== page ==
Pfizer's Inclusion of Kids In Vaccine Trials Is a Sign of Progress, Experts Say

Doctor injecting vaccination in arm of little child girl

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Key Takeaways

  • Pfizer has gained FDA approval to begin testing its coronavirus vaccine in children 12 and older.
  • Experts say that including kids in clinical trials is crucial to the overall development of a vaccine that will protect both children and adults from COVID-19.
  • According to its website, Pfizer has already enrolled more than 39,000 volunteers in its study. More than 34,000 of those volunteers have already received a second vaccination.

Pfizer, a United States pharmaceutical company, announced in October that it has received permission from the U.S. Food and Drug Administration (FDA) to begin enrolling children as young as 12 in its coronavirus vaccine trials.

“By doing so, we will be able to better understand the potential safety and efficacy of the vaccine in individuals from more ages and backgrounds,” the company said in an updated statement.

This will be the first COVID-19 vaccine trial in the U.S. to include children. As of October, Pfizer is one of four U.S. companies to have vaccines in Phase 3 clinical trials.

Pfizer had already expanded Phase 3 of its trial to include children 16 and older, as well as people with chronic, stable human immunodeficiency virus (HIV), Hepatitis C, and Hepatitis B.

Why Test a COVID-19 Vaccine in Children?

Prior to Pfizer gaining approval to begin testing in children, experts published a report in the journal Clinical Infectious Diseases stating the importance of such testing.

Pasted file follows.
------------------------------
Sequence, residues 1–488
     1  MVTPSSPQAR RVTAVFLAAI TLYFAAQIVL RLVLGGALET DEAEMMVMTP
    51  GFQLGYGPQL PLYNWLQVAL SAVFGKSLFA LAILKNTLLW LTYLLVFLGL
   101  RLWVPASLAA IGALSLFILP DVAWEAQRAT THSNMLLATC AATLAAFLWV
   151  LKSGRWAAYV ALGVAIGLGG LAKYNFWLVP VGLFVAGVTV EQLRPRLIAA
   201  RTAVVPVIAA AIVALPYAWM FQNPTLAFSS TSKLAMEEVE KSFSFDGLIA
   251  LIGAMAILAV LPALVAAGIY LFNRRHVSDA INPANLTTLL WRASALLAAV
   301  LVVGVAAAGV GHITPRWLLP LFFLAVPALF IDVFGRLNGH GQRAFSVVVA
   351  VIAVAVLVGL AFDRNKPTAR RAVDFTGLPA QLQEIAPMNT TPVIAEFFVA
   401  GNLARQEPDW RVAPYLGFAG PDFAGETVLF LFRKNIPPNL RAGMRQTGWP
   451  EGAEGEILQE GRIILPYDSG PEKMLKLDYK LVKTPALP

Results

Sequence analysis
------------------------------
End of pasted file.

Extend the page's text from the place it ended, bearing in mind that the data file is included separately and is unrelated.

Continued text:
“The direct COVID-19 impact upon children is greater than that observed for a number of other pathogens for which we now have effective pediatric vaccines,” the report notes. “Additionally, the role of children in SARS-CoV-2 transmission has clearly been underappreciated. Carefully conducted Phase 2 clinical trials can adequately address potential COVID-19 vaccine safety concerns.”

Suzanne Pham, MD

We cannot overcome the spread of this virus unless we vaccinate our children.

— Suzanne Pham, MD

Sharon Nachman, MD, chief of the Division of Pediatric Infectious Diseases at Stony Brook Children’s Hospital in New York, agrees with the report, telling Verywell that “pediatricians are very interested in seeing the details of the study and how will the vaccine perform in children.”

There are specific benefits to testing the vaccine in children, according to Nachman. The researchers will be able to assess the short- and long-term immune response, which includes figuring out whether the vaccine dose used in adults is necessary for children, or if they would have a similar immune response to a lower dose.

Nachman says it's also important to note that because coronavirus in adults can be preceded by their exposure to an asymptomatic infection in children, establishing a vaccine to treat an entire family could “go a long way to cut transmission at home and in the community.”

Suzanne Pham, MD, associate chief medical officer at Weiss Memorial Hospital in Chicago, tells Verywell that the sooner kids can be vaccinated, the sooner transmission rates will decrease.